Bjork tracked down the veteran defenseman just inside the Ottawa blue line and was hot on his tail as Phaneuf tried to escape the zone. Eventually, Bjork swatted the puck away, corralled it, and fed Riley Nash, who finished things off with a dangle past Craig Anderson for a 4-1 Boston advantage.

It was the exact kind of puck pursuit Cassidy has been looking for.

“We want him to be harder on pucks and puck pursuit because it is an avenue that he can certainly make our team look faster by tracking down pucks,” said Cassidy. “That is why we have asked him – even when he has it sometimes when he runs out of space – to chip it and go get it because he puts a lot of stress on the D. He is starting to understand that part of it.”

Rolling Along

With his win against the Senators, Tuukka Rask has now grabbed points in his last 10 games (9-0-1). The netminder, who was named the NHL’s First Star last week, has accomplished that feat four times in his career, with the last coming in 2015.

Over the 10-game stretch, Rask has a 1.41 goals against average and .946 save percentage.

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The Bruins had an off day Thursday after arriving in Toronto at 3 a.m. ET ahead of their Friday night showdown with the Maple Leafs at Air Canada Centre. Head Coach Bruce Cassidy spoke to reporters at the team hotel, and he gave updates on Brad Marchand, Noel Acciari, the weekend goaltending plan and more.

Marchand/Acciari Game-Time Decisions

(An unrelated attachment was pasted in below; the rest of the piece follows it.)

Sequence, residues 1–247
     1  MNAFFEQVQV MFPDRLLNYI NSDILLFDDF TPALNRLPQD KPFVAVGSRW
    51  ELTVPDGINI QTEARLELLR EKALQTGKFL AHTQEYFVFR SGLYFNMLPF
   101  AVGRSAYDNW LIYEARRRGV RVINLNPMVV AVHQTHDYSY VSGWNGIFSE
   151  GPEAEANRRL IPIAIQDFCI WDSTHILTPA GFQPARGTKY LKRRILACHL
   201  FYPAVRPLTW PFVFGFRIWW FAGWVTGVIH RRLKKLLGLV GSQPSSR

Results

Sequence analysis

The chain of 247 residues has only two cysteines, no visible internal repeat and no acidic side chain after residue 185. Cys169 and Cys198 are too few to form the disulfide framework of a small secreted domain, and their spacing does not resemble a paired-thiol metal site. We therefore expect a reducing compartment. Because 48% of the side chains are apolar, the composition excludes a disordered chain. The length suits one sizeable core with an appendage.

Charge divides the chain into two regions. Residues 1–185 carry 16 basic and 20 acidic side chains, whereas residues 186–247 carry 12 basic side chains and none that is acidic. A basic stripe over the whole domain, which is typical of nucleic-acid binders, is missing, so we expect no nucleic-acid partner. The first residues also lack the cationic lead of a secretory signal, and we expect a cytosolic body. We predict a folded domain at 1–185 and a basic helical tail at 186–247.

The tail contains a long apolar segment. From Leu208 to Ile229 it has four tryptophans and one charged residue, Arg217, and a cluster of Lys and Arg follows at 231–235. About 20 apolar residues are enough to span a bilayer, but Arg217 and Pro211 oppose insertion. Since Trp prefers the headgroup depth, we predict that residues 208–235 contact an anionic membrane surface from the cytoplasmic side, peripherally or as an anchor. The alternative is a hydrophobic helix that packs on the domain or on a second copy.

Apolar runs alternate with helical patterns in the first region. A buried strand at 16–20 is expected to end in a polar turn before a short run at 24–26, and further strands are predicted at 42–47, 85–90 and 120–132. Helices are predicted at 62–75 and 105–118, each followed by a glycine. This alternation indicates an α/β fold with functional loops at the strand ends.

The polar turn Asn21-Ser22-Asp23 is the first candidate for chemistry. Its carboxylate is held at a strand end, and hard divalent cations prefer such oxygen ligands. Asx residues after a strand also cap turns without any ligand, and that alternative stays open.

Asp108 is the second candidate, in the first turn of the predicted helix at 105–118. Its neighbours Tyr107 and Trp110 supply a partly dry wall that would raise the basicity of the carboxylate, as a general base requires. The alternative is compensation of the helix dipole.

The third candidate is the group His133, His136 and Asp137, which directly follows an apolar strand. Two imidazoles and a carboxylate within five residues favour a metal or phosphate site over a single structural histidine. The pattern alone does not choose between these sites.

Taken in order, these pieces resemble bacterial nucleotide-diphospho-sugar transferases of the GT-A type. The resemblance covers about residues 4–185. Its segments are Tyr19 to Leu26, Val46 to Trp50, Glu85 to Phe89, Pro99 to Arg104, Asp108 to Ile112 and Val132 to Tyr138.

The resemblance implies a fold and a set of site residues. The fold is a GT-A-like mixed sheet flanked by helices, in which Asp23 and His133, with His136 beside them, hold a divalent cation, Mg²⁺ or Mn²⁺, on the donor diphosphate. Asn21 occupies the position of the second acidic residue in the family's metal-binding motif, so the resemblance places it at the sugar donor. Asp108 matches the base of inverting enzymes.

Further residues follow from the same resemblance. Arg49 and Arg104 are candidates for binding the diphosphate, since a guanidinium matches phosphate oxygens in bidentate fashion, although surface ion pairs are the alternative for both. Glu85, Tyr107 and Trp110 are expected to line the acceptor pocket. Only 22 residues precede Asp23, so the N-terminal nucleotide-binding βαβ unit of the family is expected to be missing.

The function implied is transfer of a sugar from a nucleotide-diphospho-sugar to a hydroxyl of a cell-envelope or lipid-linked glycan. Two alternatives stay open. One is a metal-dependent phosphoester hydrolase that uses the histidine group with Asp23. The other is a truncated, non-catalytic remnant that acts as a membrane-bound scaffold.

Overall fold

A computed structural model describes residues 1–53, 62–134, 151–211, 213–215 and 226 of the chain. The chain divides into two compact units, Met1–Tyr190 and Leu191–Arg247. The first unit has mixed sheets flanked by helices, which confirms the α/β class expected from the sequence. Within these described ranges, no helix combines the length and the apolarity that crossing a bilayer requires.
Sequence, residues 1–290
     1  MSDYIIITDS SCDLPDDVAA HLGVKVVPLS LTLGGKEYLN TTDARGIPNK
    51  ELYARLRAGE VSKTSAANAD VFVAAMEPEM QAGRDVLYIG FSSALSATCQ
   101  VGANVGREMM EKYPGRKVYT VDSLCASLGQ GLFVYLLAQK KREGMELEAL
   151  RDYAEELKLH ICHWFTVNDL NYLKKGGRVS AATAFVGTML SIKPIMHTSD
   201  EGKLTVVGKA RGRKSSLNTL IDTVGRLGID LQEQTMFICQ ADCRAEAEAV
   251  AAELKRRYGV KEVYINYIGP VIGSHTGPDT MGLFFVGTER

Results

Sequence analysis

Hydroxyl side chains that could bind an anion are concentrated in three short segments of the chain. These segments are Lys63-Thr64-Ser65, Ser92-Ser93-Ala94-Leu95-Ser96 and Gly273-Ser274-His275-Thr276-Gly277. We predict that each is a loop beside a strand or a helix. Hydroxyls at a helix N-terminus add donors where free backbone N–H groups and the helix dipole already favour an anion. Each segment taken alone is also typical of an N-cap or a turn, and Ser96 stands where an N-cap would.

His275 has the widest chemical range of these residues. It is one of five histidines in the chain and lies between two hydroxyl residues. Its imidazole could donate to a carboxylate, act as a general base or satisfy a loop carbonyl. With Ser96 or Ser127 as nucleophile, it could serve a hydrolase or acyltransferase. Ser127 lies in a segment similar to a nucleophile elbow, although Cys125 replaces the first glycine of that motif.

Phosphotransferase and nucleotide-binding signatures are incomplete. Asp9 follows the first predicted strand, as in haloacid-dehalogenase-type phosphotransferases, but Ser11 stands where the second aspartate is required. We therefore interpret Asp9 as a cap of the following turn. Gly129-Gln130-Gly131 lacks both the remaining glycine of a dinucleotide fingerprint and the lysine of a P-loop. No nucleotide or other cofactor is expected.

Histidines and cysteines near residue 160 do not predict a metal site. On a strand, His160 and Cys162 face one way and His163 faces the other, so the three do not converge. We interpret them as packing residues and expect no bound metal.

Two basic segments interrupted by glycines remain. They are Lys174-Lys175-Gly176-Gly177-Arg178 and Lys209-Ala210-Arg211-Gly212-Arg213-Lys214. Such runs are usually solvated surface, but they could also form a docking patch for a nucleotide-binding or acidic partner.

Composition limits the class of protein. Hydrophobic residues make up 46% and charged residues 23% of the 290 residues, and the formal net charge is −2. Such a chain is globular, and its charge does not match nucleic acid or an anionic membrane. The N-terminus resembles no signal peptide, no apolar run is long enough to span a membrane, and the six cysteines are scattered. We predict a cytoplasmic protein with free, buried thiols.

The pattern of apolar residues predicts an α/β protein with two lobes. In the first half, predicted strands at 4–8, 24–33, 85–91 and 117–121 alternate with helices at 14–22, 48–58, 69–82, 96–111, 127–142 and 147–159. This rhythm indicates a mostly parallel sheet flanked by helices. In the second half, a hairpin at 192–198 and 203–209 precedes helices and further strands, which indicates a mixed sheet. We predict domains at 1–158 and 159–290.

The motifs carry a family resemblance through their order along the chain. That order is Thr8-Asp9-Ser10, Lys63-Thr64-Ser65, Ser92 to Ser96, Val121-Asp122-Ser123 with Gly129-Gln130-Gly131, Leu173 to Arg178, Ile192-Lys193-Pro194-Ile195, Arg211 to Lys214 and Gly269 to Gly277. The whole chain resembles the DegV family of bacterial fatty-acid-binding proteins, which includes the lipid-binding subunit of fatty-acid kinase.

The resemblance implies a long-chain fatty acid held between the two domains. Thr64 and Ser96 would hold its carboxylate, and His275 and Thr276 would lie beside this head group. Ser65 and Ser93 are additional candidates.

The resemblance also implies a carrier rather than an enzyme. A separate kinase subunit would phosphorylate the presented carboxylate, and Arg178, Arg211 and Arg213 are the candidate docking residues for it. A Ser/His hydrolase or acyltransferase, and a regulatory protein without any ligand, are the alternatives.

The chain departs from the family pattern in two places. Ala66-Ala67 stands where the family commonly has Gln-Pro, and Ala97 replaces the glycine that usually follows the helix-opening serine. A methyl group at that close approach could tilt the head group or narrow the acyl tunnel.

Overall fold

Cassidy said that both Brad Marchand and Noel Acciari will be game-time decisions for Friday’s game in Toronto.

“I’m not going to rule [Marchand] in or out right now, because like I said he’s going through what he needs to do. There is a chance [he plays tomorrow].”

“Noel will be a game-time decision. And he gives us a physicality, straight-line, can change the momentum of the game on the forecheck with some big hits. Be nice to have that element back in the game. I think he was rounding into his offensive game, that’s going to be a little more difficult I think after missing time.”

The physicality that Acciari provides is certainly something that doesn’t go unnoticed by opposing teams either, with one Boston reporter informing Cassidy that at least three Rangers brought up the absence of Acciari prior to Wednesday’s game.

“Well they know when he’s on the ice. A guy that hits and hits clean, people are aware of it. Guys that hit dirty, people are aware of it too, but they are talking about it probably in a different [way]. There’s respect for Noel’s game. I believe he’s earned that. I’m not privy to the conversations you’re talking about, but I assume they are talking about a good hard-nosed clean hockey player that brings that element every night and they need to be aware of it when they are on the ice.”

Goaltender Split

Cassidy said that the team is leaning towards starting Anton Khudobin in net Friday night, with Tuukka Rask returning in between the pipes Saturday in Boston.